Using magnetic nanoparticles for gene transfer to neural stem cells: stem cell propagation method influences outcomes

Hdl Handle:
http://hdl.handle.net/10034/604637
Title:
Using magnetic nanoparticles for gene transfer to neural stem cells: stem cell propagation method influences outcomes
Authors:
Pickard, Mark R.; Adams, Christopher F.; Barraud, Perrine; Chari, Divya M.
Abstract:
Genetically engineered neural stem cell (NSC) transplants offer a key strategy to augment neural repair by releasing therapeutic biomolecules into injury sites. Genetic modification of NSCs is heavily reliant on viral vectors but cytotoxic effects have prompted development of non-viral alternatives, such as magnetic nanoparticle (MNPs). NSCs are propagated in laboratories as either 3-D suspension "neurospheres" or 2-D adherent "monolayers". MNPs deployed with oscillating magnetic fields ("magnetofection technology") mediate effective gene transfer to neurospheres but the efficacy of this approach for monolayers is unknown. It is important to address this issue as oscillating magnetic fields dramatically enhance MNP-based transfection in transplant cells (e.g., astrocytes and oligodendrocyte precursors) propagated as monolayers. We report for the first time that oscillating magnetic fields enhanced MNP-based transfection with reporter and functional (basic fibroblast growth factor; FGF2) genes in monolayer cultures yielding high transfection versus neurospheres. Transfected NSCs showed high viability and could re-form neurospheres, which is important as neurospheres yield higher post-transplantation viability versus monolayer cells. Our results demonstrate that the combination of oscillating magnetic fields and a monolayer format yields the highest efficacy for MNP-mediated gene transfer to NSCs, offering a viable non-viral alternative for genetic modification of this important neural cell transplant population.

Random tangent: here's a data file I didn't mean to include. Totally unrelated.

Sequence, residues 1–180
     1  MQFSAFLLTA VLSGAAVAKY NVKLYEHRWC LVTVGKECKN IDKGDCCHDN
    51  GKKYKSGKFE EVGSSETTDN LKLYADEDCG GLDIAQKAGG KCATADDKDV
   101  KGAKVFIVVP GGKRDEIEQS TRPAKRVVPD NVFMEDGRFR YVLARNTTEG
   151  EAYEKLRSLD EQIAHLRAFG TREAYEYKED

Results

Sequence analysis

Affiliation:
Keele University, United Kingdom; University of Cambridge, United Kingdom
Citation:
Pickard, M. R., Adams, C. F., Barraud, P., & Chari, D. M. (2015). Using magnetic nanoparticles for gene transfer to neural stem cells: stem cell propagation method influences outcomes. Journal of Functional Biomaterials, 6(2), 259-76. http://dx.doi.org/10.3390/jfb6020259
Publisher:
Multidisciplinary Digital Publishing Institute
Journal:
Journal of Functional Biomaterials
Publication Date:
24-Apr-2015
URI:
http://hdl.handle.net/10034/604637
DOI:
10.3390/jfb6020259
Additional Links:
http://www.mdpi.com/2079-4983/6/2/259
Type:
Article
Language:
en
ISSN:
2079-4983
Sponsors:
Biotechnology and Biological Sciences Research Council, UK; Doctoral Training Centre in Regenerative Medicine, Engineering and Physical Sciences Research Council, UK
Appears in Collections:
Institute of Medicine

Full metadata record

DC FieldValue Language
dc.contributor.authorPickard, Mark R.en
dc.contributor.authorAdams, Christopher F.en
dc.contributor.authorBarraud, Perrineen
dc.contributor.authorChari, Divya M.en
dc.date.accessioned2016-04-06T15:29:06Zen